Bullying: Questions to ask your child to find out whether they are being bullied
CHILDLINE South Africa describes bullying is an offence, a violation of a child’s right to physical and psychological safety.
Bullying is being teased, called names, having your money taken, being beaten up, being left out and ignored.
Bullies are found in most schools and communities. Even in the most disciplined or positive schools there may be isolated incidents of bullying. Both girls and boys can be bullied and be bullies.
Bullying has led to children committing suicide or dropping out of school because of the stress of being bullied.
Bullying hurts everyone involved, and it can leave deep, lasting scars.
With teamwork between parents and the school community, it can be stopped.
Parents, to find out if your child is being bullied ask:
- Do you get physically hit, kicked, punched, pushed around?
- Do you get called names, laughed at, made fun of or verbally insulted?
- Do your friends talk behind your back, spread rumours about you and/or exclude you from the group?
- Do you get sexually harassed at school?
- Are schoolchildren using the internet, chat rooms, social media and so on to say hurtful things about you?
- Do you bully other children?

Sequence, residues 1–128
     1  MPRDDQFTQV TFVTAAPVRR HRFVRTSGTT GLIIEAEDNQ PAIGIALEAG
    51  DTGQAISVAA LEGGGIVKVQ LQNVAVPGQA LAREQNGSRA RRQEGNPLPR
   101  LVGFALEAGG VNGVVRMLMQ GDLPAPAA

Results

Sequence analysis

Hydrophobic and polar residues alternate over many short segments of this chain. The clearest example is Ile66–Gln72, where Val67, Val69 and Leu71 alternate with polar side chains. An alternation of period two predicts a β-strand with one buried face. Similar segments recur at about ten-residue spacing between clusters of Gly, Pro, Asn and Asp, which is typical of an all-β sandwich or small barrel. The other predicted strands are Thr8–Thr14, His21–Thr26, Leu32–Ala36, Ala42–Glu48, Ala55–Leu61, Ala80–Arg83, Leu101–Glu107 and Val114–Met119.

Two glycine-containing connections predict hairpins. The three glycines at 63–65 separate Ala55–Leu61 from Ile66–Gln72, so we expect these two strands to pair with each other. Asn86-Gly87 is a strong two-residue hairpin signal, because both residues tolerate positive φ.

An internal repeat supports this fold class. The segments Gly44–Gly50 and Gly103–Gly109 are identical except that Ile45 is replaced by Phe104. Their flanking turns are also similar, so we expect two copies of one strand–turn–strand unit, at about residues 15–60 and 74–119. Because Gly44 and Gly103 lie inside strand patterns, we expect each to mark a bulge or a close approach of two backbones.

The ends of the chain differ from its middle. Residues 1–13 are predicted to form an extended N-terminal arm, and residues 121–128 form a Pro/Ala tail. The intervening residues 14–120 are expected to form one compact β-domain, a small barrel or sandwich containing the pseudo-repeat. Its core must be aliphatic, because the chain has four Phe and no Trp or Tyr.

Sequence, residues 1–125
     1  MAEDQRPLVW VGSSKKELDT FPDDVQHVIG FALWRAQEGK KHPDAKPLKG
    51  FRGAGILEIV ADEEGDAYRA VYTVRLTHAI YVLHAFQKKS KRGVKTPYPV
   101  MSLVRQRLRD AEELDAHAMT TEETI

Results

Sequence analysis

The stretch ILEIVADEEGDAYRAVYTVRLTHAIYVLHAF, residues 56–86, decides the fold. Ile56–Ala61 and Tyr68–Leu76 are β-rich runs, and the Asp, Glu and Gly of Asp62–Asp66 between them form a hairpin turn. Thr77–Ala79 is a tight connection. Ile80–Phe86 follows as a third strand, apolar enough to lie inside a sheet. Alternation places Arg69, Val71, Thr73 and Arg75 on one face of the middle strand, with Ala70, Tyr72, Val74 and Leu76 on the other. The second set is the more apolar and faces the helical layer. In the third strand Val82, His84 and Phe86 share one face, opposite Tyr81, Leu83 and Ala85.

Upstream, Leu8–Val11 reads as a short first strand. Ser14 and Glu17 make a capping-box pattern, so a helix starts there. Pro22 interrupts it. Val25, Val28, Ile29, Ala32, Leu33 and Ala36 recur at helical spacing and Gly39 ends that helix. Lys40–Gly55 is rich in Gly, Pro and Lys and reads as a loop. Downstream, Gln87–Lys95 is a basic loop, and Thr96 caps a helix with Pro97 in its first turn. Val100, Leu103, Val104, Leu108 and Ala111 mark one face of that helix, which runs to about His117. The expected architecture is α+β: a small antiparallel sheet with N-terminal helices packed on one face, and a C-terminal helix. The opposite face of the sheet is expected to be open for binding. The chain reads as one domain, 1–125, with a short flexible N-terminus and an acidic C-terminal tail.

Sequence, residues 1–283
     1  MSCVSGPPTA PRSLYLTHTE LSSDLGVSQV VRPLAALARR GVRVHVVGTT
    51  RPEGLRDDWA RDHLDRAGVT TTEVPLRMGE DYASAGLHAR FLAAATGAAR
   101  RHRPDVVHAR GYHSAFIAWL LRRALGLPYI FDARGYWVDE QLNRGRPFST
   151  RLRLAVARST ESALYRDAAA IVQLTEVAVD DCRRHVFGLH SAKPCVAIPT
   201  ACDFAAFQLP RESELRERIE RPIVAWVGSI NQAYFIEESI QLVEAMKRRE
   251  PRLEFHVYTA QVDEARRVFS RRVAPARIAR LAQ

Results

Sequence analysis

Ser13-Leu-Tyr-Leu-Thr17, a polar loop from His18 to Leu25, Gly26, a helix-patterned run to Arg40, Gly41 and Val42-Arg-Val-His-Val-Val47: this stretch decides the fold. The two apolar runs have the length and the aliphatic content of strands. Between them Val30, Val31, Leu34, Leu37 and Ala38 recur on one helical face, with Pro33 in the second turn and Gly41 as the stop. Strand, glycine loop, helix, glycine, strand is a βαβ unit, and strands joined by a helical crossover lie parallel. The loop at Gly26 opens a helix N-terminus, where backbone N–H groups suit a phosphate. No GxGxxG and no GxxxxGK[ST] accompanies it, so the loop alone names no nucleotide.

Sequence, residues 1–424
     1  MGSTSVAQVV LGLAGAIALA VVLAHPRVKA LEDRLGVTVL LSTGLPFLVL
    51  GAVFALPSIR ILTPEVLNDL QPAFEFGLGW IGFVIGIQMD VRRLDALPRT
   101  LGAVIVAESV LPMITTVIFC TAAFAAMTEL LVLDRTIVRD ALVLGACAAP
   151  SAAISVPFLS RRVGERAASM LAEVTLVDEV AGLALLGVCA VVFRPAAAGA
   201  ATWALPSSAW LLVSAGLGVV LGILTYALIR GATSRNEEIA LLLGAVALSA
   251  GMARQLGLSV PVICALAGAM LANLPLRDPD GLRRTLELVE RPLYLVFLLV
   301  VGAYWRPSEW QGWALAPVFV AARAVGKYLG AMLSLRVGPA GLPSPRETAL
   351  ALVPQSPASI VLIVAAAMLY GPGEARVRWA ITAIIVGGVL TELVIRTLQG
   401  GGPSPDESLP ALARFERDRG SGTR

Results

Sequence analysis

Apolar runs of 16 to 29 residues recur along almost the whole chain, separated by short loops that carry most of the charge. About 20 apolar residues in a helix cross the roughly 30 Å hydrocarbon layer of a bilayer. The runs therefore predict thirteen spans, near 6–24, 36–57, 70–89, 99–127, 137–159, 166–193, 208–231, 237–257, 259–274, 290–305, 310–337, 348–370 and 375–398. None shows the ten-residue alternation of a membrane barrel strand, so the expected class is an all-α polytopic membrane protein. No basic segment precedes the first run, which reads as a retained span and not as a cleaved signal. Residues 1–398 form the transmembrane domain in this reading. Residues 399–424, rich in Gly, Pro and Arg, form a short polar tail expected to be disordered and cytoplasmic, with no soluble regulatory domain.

- When someone bullies you, what do you?
- When you see somebody else being bullied, what do you do?
- How safe do you feel at school?
The role of educators with regards to bullying
Educators have to help eliminate bullying. Some ideas:
Set an example by treating all children with respect. Never pick on a physical characteristic or a difference when disciplining a child. Teaching children to be assertive. Boosting every child's self-confidence will help them deal with bullies.
All schools should have an anti-bullying policy that seeks to protect all children. It is very important that learners know that all forms of bullying are unacceptable within the school.
It is also important to be aware of the needs of a child who is a bully. Bullying behaviour is sometimes a sign that the bully is experiencing problems at home.
Indicate to a bully that their behaviour is unacceptable. In addition, be prepared to work with the bully to help them find alternative ways of behaving.
If your child needs to speak to someone, Childline SA has counsellors that are available, 24/7 on the following number, 0800 55 555. It's free on all networks.